Blogger Children and Technology Committee

Coding and Beyond: Inspiring young girls to pursue technology careers

According to the Bureau of Labor and Statistics, women are underrepresented in the technology industry – comprising just 25% of the workforce. These careers are often higher-paid, and technology skills are in high demand, so it should be an important mission of libraries to help ensure that young girls have opportunities to explore technology-related careers. (In this article, “girls” refers to all who identify as girls and is inclusive of gender-nonconforming children.) Many librarians are intimidated by the prospect of creating STEM programming for young children, but it can be an exciting and rewarding endeavor, with benefits that go beyond simply learning how to code.

ALSC Board

Julie Roach: ALSC Division Councilor Candidate

In an effort to help ALSC members make an informed decision before they vote, today’s blog post consists of a statement from the candidate for ALSC’s 2023-24 Division Councilor, Julie Roach. The candidate submitted a written statement. Voting begins Monday, March 13th. It is an honor to stand for election to the ALSC Board in the role of Division Councilor. I have been an active member of ALSC for 21 years. During that time, I have served in various ways and on a range of committees, most recently as chair of the 2020 Caldecott Selection Committee. I also served as a member of the ALSC Board from 2014-2017. I manage Youth Services for the Cambridge Public Library in Cambridge, Massachusetts, where I lead an outstanding youth services team in a busy public library. I review children’s literature for the Horn Book Magazine and teach as an adjunct instructor for Simmons…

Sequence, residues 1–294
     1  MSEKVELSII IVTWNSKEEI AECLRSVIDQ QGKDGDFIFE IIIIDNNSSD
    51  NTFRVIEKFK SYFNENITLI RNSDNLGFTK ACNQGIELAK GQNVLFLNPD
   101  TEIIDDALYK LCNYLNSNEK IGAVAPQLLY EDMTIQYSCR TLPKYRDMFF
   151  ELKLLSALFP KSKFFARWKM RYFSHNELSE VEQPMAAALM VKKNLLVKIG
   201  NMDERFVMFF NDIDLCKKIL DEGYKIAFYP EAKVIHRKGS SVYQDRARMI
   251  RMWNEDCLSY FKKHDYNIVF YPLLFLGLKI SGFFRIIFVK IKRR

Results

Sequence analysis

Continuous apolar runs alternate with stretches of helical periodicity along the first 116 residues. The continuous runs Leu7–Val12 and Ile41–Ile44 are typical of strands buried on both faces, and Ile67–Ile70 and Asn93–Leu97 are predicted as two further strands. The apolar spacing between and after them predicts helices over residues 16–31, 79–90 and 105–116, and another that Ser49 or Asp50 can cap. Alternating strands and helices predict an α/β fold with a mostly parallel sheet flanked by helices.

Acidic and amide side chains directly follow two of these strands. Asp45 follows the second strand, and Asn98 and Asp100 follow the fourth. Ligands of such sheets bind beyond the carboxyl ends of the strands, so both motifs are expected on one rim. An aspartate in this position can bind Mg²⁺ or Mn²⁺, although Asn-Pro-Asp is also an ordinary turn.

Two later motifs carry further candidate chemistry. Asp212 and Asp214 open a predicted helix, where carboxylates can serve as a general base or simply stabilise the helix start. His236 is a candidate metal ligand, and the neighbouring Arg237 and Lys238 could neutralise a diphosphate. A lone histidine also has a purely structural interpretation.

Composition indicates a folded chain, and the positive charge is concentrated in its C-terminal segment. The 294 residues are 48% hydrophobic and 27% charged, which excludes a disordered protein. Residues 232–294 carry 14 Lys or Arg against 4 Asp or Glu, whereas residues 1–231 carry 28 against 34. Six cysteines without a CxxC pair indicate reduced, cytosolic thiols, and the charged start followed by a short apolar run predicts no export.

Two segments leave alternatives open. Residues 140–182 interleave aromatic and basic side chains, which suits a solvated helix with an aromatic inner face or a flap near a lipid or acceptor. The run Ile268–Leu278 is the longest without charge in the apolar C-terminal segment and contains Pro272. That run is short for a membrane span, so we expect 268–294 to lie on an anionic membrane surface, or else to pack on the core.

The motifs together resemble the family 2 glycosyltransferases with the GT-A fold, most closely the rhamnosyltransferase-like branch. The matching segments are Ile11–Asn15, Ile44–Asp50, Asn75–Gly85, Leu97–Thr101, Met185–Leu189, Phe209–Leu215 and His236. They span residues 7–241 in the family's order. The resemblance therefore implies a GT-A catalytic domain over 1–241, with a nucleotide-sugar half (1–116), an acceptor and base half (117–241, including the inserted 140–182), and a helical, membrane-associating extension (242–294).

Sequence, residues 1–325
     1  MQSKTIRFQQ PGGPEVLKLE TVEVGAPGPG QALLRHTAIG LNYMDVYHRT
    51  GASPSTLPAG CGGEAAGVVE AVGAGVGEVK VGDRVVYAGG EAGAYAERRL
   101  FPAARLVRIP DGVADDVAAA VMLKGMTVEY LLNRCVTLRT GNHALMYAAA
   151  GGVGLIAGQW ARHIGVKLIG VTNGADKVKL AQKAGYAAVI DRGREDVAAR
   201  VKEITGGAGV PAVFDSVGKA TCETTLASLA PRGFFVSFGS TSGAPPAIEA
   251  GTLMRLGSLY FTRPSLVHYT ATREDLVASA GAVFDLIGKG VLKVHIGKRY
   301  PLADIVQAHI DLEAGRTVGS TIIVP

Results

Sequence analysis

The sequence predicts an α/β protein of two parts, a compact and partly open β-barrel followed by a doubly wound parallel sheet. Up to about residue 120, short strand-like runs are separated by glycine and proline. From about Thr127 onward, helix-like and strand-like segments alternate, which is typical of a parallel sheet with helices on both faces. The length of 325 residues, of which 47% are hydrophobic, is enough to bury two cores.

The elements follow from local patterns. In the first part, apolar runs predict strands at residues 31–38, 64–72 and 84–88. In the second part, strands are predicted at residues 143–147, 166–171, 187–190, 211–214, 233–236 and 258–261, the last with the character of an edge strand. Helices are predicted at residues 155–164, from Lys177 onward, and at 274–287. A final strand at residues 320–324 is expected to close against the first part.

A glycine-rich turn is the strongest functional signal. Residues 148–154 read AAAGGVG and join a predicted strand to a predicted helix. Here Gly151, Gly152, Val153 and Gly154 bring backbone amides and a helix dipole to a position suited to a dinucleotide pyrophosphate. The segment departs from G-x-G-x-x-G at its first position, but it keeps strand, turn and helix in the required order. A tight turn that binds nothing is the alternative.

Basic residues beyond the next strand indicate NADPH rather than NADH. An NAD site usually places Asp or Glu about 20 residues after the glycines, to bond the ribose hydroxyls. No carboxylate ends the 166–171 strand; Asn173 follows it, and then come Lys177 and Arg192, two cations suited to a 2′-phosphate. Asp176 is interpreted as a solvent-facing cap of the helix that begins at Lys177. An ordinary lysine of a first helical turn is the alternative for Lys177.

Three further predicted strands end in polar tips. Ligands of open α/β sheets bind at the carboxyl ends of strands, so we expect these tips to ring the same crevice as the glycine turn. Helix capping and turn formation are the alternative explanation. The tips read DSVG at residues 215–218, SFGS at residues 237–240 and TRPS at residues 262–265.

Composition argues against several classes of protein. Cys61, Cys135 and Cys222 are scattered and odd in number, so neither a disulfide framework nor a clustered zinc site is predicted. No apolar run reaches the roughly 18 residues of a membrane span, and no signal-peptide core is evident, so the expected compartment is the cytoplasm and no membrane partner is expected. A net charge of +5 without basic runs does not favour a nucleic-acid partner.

ALSC Bylaws

Add Your Voice to the ALSC Chorus!

Serving as the ALSC President for 2022-2023 has been a humbling experience in many ways, not the least of which is because every day I have reminders that it is the dedicated work and input of members–all volunteers!–that allows us to set, work toward, and accomplish our goals. It’s incredibly rewarding to see the ways in which members add their talents and voices to the whole–and I want to invite YOU to add your voice to the chorus as well!

Blogger Library Service to Underserved Children and Their Caregivers committee

Thoughts about Using Beans, Rice & Other Food in Library Programming

When I present sessions, I like to begin by using opening activities that show commonality among participants and allow space for relationships to grow.  One such activity is a simple invitation for participants to share a recipe for cooking either beans or rice.  Beans and rice are some of the most common foods on the planet and used in a variety of dishes in many different cultures. Beans and rice are so widely recognized and readily available it’s easy to forget they are often a primary food source.  For just one moment, imagine you are the caregiver of a family who has juggled competing interests, figured out transportation, time, and energy obstacles to attend story time at the public library.  The stay-and-play activity after storytime involves playing in enough rice to feed everyone in the room.  It’s not a choking hazard, it engages the senses, it’s relatively inexpensive, and it…